The Padres, better than a third-place finisher in the National League West just once in the past eight seasons, have swapped roles in many respects with the Braves, who won 14 consecutive division titles through 2005 and finished no worse than second in the NL East during the past five seasons.
The Padres, long handcuffed by low payrolls and seemingly in a perpetual rebuild mode, reversed course since last season by letting new general manager A.J. Preller open the checkbook and trade prospects for established, big-impact players who came with larger financial commitments.
Meanwhile the Braves, under the new direction of president of baseball operations John Hart and assistant GM John Coppolella, decided it was time to focus on rebuilding a once-revered but recently diminished Braves minor league system, even if that meant taking a step back and trading impact players almost exclusively for prospects.
On Sunday, the Padres and Braves looked to each other to help further those causes fox the second time in four months with a six-team trade involving an Upton brother going from Atlanta to San Diego.
The Braves shipped elite closer Craig Kimbrel and disappointing center fielder Melvin Upton Jr. and his burdensome contract to the Padres in exchange for outfielders Cameron Maybin and Carlos Quention, pitching prospect Matt Wisler, outfield prospect Jordan Paroubeck, and the 41st overall pick in this year’s June first-year player draft.
The Braves got four prospects back from the Padres in the December trade that sent outfielder Justin Upton to the Padres, including infield prospect Jace Peterson, who will begin the season as the Braves’starting second baseman, outfield prospect and minor league stolen-base leader Mallex Smith, and left-hander Max Fried, who’s recovering from Tommy John elbow surgery.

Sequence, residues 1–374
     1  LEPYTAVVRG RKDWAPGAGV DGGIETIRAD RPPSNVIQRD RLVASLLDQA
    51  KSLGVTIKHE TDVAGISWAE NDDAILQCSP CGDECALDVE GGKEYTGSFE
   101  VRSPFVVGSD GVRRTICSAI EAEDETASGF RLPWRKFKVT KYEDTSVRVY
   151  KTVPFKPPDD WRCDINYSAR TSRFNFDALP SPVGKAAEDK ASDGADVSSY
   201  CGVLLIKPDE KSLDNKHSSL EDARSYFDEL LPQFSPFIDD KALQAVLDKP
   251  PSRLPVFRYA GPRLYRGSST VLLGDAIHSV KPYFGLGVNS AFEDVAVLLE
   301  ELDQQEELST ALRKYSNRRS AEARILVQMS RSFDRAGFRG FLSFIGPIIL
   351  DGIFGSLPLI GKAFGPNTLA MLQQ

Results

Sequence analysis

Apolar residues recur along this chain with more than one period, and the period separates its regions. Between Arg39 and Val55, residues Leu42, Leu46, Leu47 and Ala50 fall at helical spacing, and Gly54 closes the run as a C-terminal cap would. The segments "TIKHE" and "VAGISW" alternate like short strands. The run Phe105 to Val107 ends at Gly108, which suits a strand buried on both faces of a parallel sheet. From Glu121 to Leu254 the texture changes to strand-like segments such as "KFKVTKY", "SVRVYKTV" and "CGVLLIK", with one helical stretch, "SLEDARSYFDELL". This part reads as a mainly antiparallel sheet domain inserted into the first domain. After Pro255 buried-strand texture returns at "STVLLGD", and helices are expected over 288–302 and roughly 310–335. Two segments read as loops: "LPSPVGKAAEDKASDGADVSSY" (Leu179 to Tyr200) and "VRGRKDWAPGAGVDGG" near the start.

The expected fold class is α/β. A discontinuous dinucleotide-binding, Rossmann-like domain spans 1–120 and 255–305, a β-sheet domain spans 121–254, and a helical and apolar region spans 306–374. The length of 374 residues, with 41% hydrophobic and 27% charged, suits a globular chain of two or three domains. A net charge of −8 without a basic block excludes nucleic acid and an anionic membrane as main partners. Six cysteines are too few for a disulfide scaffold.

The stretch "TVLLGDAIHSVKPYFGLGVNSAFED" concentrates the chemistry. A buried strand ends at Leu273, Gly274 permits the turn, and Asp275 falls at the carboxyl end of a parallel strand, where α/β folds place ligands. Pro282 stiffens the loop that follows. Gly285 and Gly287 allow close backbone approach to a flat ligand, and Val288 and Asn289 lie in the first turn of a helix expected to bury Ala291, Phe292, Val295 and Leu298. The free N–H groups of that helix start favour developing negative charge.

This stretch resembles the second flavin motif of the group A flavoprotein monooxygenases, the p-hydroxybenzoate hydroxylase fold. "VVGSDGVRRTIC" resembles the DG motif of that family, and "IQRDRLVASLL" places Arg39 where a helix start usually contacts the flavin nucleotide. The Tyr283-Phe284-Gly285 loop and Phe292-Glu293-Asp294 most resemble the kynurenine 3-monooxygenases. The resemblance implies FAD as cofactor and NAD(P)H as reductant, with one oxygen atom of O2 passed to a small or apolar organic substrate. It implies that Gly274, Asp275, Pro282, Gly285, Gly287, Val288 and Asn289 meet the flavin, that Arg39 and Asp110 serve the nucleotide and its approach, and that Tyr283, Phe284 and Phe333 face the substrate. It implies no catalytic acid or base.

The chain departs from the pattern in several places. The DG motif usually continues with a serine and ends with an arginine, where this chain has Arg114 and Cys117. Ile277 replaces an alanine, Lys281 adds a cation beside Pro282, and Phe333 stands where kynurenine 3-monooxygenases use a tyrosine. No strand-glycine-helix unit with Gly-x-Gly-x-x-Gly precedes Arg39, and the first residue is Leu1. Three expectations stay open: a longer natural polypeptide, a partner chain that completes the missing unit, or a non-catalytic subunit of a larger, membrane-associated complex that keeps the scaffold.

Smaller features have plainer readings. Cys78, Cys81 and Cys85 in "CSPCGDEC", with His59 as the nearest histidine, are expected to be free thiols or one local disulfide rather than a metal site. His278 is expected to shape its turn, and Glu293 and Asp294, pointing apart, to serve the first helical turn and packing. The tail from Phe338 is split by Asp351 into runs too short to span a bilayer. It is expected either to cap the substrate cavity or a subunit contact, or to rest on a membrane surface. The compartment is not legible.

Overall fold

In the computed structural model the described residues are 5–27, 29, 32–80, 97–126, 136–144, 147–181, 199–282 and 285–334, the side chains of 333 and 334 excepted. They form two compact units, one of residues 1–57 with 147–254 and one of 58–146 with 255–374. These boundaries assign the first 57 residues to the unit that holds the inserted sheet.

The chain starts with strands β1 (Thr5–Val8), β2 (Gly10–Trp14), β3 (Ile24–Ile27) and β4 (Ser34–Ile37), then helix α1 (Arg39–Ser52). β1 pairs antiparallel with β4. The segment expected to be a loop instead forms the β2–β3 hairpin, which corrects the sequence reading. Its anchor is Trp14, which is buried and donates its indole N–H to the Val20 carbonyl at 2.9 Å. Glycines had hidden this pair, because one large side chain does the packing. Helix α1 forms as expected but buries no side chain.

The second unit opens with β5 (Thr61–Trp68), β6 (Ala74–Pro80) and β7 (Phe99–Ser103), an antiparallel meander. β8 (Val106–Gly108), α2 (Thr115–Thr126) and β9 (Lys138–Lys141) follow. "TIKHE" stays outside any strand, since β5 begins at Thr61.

This time, the Braves’ prospect haul wasn’t nearly as deep, since a major component of the trade was the Padres agreeing to take on all salary owed to Melvin Upton Jr. over the last three years of his contract. The Braves still managed to wrangle a couple of prospects in the deal, running their total to six prospects acquired from the Padres in two trades that took the Upton brothers reunion out West.
The big “get” in this deal was Wisler, 22, rated the Padres’ No. 1 prospect — and No. 34 in all of baseball — by Baseball America, after going 10-5 with a 4.42 ERA in 28 games (all starts) between Double-A San Antonio and Triple-A El Paso in 2014, with 136 strikeouts in 146.2 innings.
Although the numbers don’t jump off the page, dig a bit deeper: Wisler pitched the entire season at a relatively young age 21, and was 9-5 with a 2.80 ERA and 9.2 strikeouts per nine innings in 26 Double-A starts during 2013 and 2014 before struggling to a 5.01 ERA in 22 starts at El Paso in his first Triple-A stint.
Wisler’s four-seam fastball has reached 96 mph, and he has a plus-rated 92-94 mph sinker and low-80s slider, and decent change-up. The 6-foot-3 Ohio native signed out of high school after being selected in the seventh round, spurning an Ohio State scholarship after getting a $500,000 signing that was large for a pick in that round.
He’ll beging the season at Triple-A Gwinnett and could be ready to compete for a spot next spring and eventually be a top-half-of-the-rotation starter.
Paroubeck, 20, is a switch-hitter who batted .286 (40-for-140) with 14 extra-base hits (four home runs), 24 RBIs and a .346 OBP in 34 rookie-league games in his first season of pro ball in 2014. The 69th overall selection in the 2013 draft out of a San Mateo, Calif., high school, he didn’t play pro ball in 2013 due to a shoulder injury from a collision in a high school game. He’s not among Baseball America’s top 30 Padres prospect, but was rated 15th by another service.
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